When Erick first went to school on Mondays, he took tests on a computer. He did some multiplication — easy, he said — vocabulary lessons and worksheets. He received a math assignment once to do at home. But for most of April and May, all he was told to do was read three chapters in his history book each week at home, and answer corresponding questions. His neatly written answers ranged from a couple of words to a sentence.
He did finish the history book, which he proudly said some high school students also use.
As it turns out, Erick’s routine may not differ much from many other kids his age — kids who have also been removed from Kern’s regular schools.
Kern’s nine county community schools enrolled about 4,460 students in the last school year. Some had been expelled. Others were there for truancy, or because parents agreed to an “involuntary transfer.”
County school administrators told the Center for Public Integrity that two-thirds of these Kern students — more than 3,000 — were put on some sort of independent study. Their arrangements varied, administrators said, with some students seeing teachers once a week, some more and some on home-study only temporarily.
More than 320 of the independent study students were 6th, 7th and 8th graders.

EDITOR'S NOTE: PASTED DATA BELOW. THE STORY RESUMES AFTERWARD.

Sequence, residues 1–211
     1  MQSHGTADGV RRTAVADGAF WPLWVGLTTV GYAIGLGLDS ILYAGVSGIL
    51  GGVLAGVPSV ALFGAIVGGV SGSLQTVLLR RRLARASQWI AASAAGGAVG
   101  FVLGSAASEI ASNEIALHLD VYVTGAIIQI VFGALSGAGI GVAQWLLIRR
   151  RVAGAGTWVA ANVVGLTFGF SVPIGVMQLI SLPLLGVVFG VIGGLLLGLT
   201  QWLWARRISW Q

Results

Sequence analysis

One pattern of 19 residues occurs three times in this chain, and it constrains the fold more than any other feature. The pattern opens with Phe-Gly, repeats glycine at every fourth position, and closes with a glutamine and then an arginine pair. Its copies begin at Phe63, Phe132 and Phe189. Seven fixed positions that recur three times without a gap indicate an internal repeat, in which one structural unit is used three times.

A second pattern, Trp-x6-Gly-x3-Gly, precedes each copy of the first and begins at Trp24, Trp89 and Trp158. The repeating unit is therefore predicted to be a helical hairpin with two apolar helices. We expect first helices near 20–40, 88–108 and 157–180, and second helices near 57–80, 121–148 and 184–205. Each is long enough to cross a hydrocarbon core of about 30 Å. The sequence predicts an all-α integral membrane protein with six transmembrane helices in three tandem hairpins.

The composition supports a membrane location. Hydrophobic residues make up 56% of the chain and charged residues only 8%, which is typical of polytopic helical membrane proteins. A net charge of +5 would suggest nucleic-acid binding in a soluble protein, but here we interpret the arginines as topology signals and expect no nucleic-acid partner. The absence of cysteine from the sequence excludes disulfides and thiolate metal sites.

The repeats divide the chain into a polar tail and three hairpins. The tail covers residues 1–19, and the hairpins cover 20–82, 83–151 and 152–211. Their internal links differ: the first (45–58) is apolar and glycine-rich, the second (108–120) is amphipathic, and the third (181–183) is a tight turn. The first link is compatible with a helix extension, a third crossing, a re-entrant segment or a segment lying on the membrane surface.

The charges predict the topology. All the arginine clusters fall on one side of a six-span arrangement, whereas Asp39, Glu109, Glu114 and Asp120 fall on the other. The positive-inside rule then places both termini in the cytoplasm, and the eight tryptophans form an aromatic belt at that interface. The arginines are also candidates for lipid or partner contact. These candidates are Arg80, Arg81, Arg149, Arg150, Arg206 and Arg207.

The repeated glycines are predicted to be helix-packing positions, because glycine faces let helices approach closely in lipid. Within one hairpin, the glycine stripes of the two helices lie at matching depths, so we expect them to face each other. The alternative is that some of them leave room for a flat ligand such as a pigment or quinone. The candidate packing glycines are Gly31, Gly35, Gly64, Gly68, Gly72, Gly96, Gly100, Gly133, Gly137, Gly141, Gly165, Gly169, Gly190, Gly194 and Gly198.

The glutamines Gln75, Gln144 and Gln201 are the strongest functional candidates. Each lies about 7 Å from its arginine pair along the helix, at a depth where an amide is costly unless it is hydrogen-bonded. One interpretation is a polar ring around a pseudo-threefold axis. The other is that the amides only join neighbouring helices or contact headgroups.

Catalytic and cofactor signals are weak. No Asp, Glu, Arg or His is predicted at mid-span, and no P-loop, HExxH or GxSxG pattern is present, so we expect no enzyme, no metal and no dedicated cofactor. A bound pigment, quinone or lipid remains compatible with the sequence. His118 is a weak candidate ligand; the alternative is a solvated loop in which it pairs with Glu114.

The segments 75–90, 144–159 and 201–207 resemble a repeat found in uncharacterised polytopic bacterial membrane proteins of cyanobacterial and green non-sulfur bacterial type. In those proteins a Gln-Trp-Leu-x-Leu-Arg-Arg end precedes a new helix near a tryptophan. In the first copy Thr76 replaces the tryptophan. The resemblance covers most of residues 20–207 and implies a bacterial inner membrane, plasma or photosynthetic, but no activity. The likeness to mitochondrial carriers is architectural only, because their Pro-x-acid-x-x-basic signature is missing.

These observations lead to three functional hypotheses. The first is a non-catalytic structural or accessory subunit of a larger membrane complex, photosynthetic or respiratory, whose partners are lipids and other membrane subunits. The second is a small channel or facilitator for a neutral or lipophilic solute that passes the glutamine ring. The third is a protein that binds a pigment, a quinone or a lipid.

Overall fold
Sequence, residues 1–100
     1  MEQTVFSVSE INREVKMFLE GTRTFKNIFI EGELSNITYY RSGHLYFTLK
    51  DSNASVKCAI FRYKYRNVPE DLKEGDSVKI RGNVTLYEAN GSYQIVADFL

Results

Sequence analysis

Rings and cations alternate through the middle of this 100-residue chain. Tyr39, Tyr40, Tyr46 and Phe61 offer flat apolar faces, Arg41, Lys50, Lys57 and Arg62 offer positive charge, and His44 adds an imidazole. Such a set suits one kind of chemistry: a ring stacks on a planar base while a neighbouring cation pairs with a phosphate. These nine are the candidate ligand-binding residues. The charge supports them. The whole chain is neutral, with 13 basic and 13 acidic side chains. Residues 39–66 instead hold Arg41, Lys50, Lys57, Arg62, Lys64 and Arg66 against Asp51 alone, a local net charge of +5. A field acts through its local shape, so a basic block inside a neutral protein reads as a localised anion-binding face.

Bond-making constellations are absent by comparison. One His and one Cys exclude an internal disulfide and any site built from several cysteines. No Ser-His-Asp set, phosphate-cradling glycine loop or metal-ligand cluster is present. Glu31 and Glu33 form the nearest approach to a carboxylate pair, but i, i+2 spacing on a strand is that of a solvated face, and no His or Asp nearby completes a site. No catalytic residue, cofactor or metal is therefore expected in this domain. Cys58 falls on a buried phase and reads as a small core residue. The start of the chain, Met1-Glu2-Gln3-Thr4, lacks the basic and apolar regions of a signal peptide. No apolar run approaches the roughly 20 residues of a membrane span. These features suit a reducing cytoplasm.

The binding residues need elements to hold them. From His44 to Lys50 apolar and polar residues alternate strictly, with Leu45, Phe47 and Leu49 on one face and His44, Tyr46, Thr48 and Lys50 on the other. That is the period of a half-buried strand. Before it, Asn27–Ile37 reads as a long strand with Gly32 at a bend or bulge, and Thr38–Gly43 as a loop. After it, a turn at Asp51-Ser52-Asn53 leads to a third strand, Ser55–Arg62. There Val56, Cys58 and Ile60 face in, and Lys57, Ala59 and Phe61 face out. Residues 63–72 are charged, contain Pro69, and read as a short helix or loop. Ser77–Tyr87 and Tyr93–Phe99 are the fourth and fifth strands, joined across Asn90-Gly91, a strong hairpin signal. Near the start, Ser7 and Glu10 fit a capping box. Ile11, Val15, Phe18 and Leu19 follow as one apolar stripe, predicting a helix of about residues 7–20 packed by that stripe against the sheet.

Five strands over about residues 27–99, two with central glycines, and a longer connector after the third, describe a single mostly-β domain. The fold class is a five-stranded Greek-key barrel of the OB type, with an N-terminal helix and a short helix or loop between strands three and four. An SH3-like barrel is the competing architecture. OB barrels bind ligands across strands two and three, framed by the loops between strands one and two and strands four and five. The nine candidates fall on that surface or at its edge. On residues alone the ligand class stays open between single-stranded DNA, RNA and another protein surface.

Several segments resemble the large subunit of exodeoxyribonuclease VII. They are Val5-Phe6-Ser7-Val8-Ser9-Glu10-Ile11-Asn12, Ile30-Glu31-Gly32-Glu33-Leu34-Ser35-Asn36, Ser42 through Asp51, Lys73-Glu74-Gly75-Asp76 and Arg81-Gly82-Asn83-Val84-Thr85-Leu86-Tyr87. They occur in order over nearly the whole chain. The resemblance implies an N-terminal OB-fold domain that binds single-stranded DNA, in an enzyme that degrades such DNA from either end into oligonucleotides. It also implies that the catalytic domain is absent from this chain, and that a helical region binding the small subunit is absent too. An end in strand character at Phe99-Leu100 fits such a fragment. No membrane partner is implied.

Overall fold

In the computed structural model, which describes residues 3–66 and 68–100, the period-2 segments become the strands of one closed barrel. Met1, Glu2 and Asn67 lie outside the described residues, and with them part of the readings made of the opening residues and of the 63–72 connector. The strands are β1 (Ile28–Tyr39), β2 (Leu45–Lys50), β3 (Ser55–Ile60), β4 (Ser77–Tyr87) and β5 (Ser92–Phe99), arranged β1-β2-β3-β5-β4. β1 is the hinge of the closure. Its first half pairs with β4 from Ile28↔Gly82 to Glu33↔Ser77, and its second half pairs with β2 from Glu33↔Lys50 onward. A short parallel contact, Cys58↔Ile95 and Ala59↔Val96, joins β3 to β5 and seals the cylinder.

Administrators said some parents chose self-study because travel was a problem. Other parents agreed with teachers that it was better to put children on independent study rather than in a daily class with kids with whom they didn’t get along. Some kids were put on self-study until behavior problems were resolved and they could join a class, administrators also said.
The Kern community school system requires independent study students to meet with teachers a minimum of 4½ hours a week – all in one day, if agreed. But parents are encouraged to bring kids to a school for more than one day a week, administrators added. They said students must be given material to do at home that matches the curriculum options used at regular schools. The aim is to try to give kids assignments and enough credits to advance to the next grade.
James Bartleson, president of the Kern County Board of Education, was surprised to hear that more than 320 students from 6th to 8th grade were on a self-study program.
“That’s an awful lot of students on independent study,” Bartleson said in an interview.
He’s wanted to overturn some expulsions, and keep kids in home schools, Bartleson said. But he said the county board’s power is limited if local district boards have followed laws and procedures correctly to approve expulsions.
It isn’t ideal to put some kids like Erick on independent study, Bartleson said. But if they are “good readers,” he believes they can do fairly well in these regimens.
Russell Rumberger, director of the University of California at Santa Barbara’s California Dropout Research Project, isn’t so optimistic.
“It’s shameful,” Rumberger said, commenting on Erick’s circumstances.
Struggling young students, in particular, should not be left to their own devices, he said, guided only by brief meetings with teachers.